Artist Bio: Edra Soto (b. Puerto Rico, 1971)  is a Chicago-based artist, educator, curator, and and co-director of the artist-run outdoor project space THE FRANKLIN. She obtained her Master of Fine Arts degree at The School of the Art Institute of Chicago in 2000, as well as attending Skowhegan School of Painting and Sculpture, Beta-Local in Puerto Rico, and the Robert Rauschenberg Residency Program in Captiva, Florida though a 3Arts Foundation Fellowship. The 4th Poly/Graphic Triennial of San Juan and the Caribbean, Cuchifritos Gallery + Project Space in New York and the co-curation of the exhibition Present Standard, at the Chicago Cultural Center with overwhelmingly positive reviews from the Chicago Tribune, Newcity and Artforum. She was recently featured in Newcity’s annual Art 50 issue, Chicago’s Artists’ Artists and awarded the Efroymson Contemporary Arts Fellowship. Upcoming venues presenting Soto’s work include: The Arts Club of Chicago; The University Galleries at Illinois State University; Museo de la Universidad de Puerto Rico; the DePaul Museum; the Pérez Art Museum Miami, The Museum of Contemporary Art of Chicago; residencies at Project Row Houses in Houston, the Kohler Art Center in Wisconsin, the Robert Rauschenberg Residency in Captiva, Headlands Center for the Arts and a long awaited commission in collaboration with Dan Sullivan from the Chicago Transit Authority, featured her architectural intervention titled GRAFT at the Western Avenue stop on the train line to O’Hare Airport. Soto will be attending the Robert Rauschenberg Residency through their alumni fellowship program during the fall of 2017. Her work has been exhibited both nationally and internationally. edrasoto.com

Curator Bio: Albert Stabler spent 17 years in Chicago, devoting time to teaching art with young people, writing art criticism, and curating shows and events at independent galleries.  He is currently pursuing a Ph.D in Art Education at the University of Illinois. EfroymsonFF

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New Demands?

Project Space Installation by Lisa Vinebaum

The Green Lantern Press is pleased to present New Demands?, an exhibition by Lisa Vinebaum in and around Sector 2337’s project space. New Demands? presents new neon works and a site-specific, cut-vinyl window installation exploring intersections between historical and contemporary modes of collective organizing for better living and working conditions. Emphasizing text, typography and the juxtaposition of past and present protest slogans, Vinebaum’s extends back and forth across time, connecting current and historical demands for social, racial, and economic, justice. Drawing inspiration from suffrage, civil rights, and labor slogans, New Demands? stresses notions of union, collective, belonging, and mutual support — modes of togetherness that extend across struggles for labor justice and human and civil rights. At once angry and hopeful, the show emphasizes collectivity and community, mutual support and solidarity at a time of increased polarization, intolerance, xenophobia, and exclusion. This exhibition is part of an ongoing series of the artist’s work exploring labor, collectivity, and precarity, created under the same title and incorporating public performances, interventions, cloth banners, print works, text based installations, and neon.

 

Artist Bio: Lisa Vinebaum is an interdisciplinary artist, critical writer, and educator. Working across art and theory, her practice explores collectivity and intersubjective relationships, working conditions and workers’ rights, and the value of artistic labor. Her art practice incorporates performance, text-based installations, textiles, print, neon, video, photography and protest tactics. Her work has been included in exhibitions and festivals internationally, including David Weinberg Photography, Rapid Pulse International Performance Art Festival, Performance Studies International 19, Open Engagement: Art & Social Practice, La Centrale, the Centre Pompidou, the UCLA Hammer Museum, Lincoln Center, and in conjunction with Grace Exhibition and Performance Space and Articule Gallery. Her scholarly work has been commissioned and published in edited anthologies, academic journals and exhibition catalogues, including Exhibiting Craft and Design: Transgressing the White Cube Paradigm 1930-present (Routledge 2017), Danica Maier: Grafting Propriety from Stitch to Drawn Line (Black Dog Books 2017), More Caught in the Act: Performance by Canadian Women (YYZ Books 2016), The Handbook of Textile Culture (Bloomsbury Academic 2015), the Journal of Modern Craft online, and Textile: Cloth and Culture. Lisa Vinebaum holds a PhD in Art from Goldsmiths, University of London. She is an Assistant Professor of Fiber and Material Studies, and affiliated faculty in Art History, Theory and Criticism at the School of the Art Institute of Chicago. www.lisavinebaum.com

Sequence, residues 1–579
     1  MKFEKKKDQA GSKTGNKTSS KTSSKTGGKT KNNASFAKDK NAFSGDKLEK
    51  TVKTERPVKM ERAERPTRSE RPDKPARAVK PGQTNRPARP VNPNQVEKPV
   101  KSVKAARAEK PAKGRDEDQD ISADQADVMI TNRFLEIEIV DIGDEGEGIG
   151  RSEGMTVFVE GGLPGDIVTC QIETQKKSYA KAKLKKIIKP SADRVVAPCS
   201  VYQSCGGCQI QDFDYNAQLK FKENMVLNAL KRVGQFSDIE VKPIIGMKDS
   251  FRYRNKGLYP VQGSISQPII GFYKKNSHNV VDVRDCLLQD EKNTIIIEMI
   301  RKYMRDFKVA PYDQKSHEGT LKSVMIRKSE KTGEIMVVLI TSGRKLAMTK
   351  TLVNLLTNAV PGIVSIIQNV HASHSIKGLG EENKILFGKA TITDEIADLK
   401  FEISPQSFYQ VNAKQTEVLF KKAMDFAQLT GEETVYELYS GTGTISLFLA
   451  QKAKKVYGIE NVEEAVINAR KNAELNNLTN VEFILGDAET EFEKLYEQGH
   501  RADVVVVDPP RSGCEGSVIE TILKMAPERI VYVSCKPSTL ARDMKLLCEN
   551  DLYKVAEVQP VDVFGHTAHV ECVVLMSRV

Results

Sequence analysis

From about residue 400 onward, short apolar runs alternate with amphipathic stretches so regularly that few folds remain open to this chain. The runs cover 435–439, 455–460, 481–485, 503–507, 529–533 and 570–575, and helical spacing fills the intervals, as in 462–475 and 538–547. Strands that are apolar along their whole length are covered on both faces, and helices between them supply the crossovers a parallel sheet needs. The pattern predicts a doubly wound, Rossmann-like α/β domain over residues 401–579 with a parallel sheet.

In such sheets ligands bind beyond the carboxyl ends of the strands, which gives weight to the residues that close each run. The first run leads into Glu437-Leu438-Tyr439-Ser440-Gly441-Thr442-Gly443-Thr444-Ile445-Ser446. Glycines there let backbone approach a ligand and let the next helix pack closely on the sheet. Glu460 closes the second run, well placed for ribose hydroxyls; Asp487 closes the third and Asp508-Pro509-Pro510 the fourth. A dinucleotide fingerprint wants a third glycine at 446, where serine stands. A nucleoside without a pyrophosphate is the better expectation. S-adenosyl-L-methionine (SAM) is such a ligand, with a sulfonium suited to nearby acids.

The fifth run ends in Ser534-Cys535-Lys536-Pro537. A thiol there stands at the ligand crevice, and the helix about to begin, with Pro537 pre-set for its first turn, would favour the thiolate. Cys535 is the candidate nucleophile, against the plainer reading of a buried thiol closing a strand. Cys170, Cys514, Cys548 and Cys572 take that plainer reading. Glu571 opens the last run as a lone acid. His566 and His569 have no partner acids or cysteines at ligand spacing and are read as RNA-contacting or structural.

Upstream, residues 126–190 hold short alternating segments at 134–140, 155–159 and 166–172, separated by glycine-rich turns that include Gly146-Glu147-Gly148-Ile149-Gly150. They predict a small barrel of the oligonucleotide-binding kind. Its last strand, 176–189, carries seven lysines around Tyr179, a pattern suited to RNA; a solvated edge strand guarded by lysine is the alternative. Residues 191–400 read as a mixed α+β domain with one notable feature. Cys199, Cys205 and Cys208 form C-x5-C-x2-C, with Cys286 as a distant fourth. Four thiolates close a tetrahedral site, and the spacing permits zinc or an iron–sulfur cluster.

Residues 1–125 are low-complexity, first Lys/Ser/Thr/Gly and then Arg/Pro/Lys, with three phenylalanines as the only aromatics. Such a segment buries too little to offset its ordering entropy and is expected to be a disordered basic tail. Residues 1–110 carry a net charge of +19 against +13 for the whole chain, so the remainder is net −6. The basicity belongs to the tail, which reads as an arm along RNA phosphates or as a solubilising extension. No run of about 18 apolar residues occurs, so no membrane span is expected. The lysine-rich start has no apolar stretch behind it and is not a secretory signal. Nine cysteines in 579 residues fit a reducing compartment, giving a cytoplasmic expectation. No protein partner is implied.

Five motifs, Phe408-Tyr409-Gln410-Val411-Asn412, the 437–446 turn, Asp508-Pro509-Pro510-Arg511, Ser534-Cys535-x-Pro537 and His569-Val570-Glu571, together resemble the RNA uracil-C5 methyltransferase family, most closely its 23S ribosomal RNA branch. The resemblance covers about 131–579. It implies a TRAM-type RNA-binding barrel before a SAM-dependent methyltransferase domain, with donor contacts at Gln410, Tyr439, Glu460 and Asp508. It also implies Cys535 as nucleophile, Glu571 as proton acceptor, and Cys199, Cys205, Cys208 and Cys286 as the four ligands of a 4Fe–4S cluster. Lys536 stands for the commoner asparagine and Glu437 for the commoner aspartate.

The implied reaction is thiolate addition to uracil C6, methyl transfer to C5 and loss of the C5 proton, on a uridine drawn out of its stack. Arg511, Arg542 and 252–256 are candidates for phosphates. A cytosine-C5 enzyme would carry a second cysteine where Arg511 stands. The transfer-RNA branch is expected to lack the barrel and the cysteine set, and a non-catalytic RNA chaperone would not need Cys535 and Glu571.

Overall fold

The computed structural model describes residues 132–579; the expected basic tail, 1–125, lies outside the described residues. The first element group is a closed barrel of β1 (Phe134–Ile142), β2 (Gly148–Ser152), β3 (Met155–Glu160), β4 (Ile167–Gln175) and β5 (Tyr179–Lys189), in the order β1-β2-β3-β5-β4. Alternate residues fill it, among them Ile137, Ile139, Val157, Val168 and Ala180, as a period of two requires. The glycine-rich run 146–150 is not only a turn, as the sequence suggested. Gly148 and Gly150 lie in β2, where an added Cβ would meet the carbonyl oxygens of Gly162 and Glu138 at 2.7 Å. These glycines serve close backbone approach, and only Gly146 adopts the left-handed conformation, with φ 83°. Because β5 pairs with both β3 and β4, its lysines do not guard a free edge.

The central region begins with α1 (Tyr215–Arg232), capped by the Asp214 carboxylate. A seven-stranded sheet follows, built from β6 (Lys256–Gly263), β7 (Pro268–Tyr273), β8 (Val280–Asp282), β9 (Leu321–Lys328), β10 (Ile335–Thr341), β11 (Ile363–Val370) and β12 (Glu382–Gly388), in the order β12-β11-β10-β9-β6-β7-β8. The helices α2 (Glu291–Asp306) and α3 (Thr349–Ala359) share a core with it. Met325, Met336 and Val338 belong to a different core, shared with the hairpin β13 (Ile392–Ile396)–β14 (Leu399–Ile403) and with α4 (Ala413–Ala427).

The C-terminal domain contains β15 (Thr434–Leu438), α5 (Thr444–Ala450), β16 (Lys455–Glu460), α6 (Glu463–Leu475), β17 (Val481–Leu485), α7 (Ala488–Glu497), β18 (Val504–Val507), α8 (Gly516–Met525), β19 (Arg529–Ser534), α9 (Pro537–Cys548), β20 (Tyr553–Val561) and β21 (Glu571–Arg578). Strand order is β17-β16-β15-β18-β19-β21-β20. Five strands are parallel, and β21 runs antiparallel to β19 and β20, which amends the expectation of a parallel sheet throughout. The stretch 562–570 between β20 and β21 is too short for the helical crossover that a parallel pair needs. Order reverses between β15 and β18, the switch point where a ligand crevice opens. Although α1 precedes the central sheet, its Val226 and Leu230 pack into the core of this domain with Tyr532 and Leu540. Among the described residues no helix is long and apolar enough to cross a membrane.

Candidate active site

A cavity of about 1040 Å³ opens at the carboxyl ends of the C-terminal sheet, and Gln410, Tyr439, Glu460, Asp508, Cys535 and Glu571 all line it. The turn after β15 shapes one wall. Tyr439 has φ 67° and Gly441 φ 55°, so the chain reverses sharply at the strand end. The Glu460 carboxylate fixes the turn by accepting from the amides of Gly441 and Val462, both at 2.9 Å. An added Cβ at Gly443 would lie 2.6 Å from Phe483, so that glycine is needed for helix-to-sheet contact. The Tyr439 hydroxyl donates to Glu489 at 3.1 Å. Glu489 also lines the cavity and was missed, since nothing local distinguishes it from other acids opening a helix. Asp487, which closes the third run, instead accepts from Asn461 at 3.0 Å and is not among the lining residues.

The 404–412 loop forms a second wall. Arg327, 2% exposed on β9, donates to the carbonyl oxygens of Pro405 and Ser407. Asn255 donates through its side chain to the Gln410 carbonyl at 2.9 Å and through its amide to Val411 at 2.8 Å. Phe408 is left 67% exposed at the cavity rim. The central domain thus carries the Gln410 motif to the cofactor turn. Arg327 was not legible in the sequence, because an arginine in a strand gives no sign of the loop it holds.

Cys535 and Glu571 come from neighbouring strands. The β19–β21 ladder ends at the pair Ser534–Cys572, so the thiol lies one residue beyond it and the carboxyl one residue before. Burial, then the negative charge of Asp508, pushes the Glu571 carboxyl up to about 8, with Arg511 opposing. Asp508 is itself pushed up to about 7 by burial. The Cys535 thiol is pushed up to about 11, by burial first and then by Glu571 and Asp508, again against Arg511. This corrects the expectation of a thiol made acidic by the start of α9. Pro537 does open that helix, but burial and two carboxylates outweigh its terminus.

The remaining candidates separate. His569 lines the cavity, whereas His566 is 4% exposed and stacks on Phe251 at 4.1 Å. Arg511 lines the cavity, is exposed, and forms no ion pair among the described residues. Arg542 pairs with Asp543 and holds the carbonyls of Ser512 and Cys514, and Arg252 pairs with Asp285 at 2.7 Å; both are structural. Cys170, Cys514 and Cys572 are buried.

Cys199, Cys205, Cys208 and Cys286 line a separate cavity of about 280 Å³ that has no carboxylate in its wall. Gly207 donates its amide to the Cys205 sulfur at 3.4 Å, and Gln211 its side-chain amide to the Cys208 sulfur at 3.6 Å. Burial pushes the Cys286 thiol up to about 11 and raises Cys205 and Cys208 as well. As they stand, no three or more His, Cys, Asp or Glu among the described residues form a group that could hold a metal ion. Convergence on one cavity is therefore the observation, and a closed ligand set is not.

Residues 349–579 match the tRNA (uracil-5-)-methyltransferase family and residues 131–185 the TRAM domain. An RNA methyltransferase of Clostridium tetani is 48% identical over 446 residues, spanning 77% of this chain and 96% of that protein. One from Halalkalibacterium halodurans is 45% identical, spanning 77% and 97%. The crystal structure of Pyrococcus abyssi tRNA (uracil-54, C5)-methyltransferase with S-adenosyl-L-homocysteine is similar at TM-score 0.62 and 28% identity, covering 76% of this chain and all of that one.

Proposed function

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This Land Again

Solo Show by Lindsey Dorr-Niro

Was a high wall there that tried to stop me
A sign was painted said: Private Property,
But on the back side it didn’t say nothing—
This land was made for you and me.
-Woody Guthrie, This Land is Your Land (1944)

The Green Lantern Press is pleased to present Lindsey Dorr-Niro’s spring 2017 exhibition, This Land Again, in the main gallery of Sector 2337. With the backside of a billboard as her starting point, Dorr-Niro interrogates the global epidemic of distracted materialism through a set of architectural interventions. These include a floor sculpture/stage in the gallery’s center that shifts its configuration according to the needs of public programs; a site-specific screen that amplifies and undermines Sector’s storefront window; the gallery’s adjacent hallway is additionally transformed into a construction site. The resulting environment seeks to prompt inquiry and agency among viewers and participants alike, asking: What does it mean to take ownership of our experience within America’s 21st-century landscape of late-capitalism? What and where is “freedom”? If freedom is possible, how does it locate human dignity and citizenship on this land? The billboard photograph was taken in Chicago but initially displayed in downtown Bloomington, Indiana, for an experimental performance. Returning to its original site/sight, the image becomes an adaptable backdrop for programs and interventions that complicate linear notions of truth and authenticity within today’s sociopolitical environment.

Artist Bio: Throughout her work, transdisciplinary visual artist Lindsey Dorr Niro aims to make art a practice of critical consciousness, calling viewers deeper into themselves and relation with the world. Her installations disrupt and reorganize our vision and being in a way that enable us to see, imagine, and be differently — facilitating an embodied, contemplative, and ecstatic alternative to the amnesiac conditions of late capitalism. Lindsey holds her MFA from Yale University (2008) and currently works as both an artist and educator in Chicago, Illinois. Recent exhibitions include A Primacy of Perception at Indiana University’s Fuller Projects Gallery (Bloomington, IN 2016) and An Anthem for the Sun as part of Roman Susan’s No Diving! Series (Chicago, IL, 2016).